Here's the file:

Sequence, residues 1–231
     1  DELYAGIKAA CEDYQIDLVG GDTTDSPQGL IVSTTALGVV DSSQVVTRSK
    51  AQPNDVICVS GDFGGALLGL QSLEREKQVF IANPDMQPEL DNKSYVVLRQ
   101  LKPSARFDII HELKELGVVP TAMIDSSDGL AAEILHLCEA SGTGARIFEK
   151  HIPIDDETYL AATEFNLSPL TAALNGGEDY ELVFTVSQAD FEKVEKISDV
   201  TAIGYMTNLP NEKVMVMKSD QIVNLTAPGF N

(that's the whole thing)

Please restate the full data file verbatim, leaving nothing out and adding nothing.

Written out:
Sequence, residues 1–231
     1  DELYAGIKAA CEDYQIDLVG GDTTDSPQGL IVSTTALGVV DSSQVVTRSK
    51  AQPNDVICVS GDFGGALLGL QSLEREKQVF IANPDMQPEL DNKSYVVLRQ
   101  LKPSARFDII HELKELGVVP TAMIDSSDGL AAEILHLCEA SGTGARIFEK
   151  HIPIDDETYL AATEFNLSPL TAALNGGEDY ELVFTVSQAD FEKVEKISDV
   201  TAIGYMTNLP NEKVMVMKSD QIVNLTAPGF N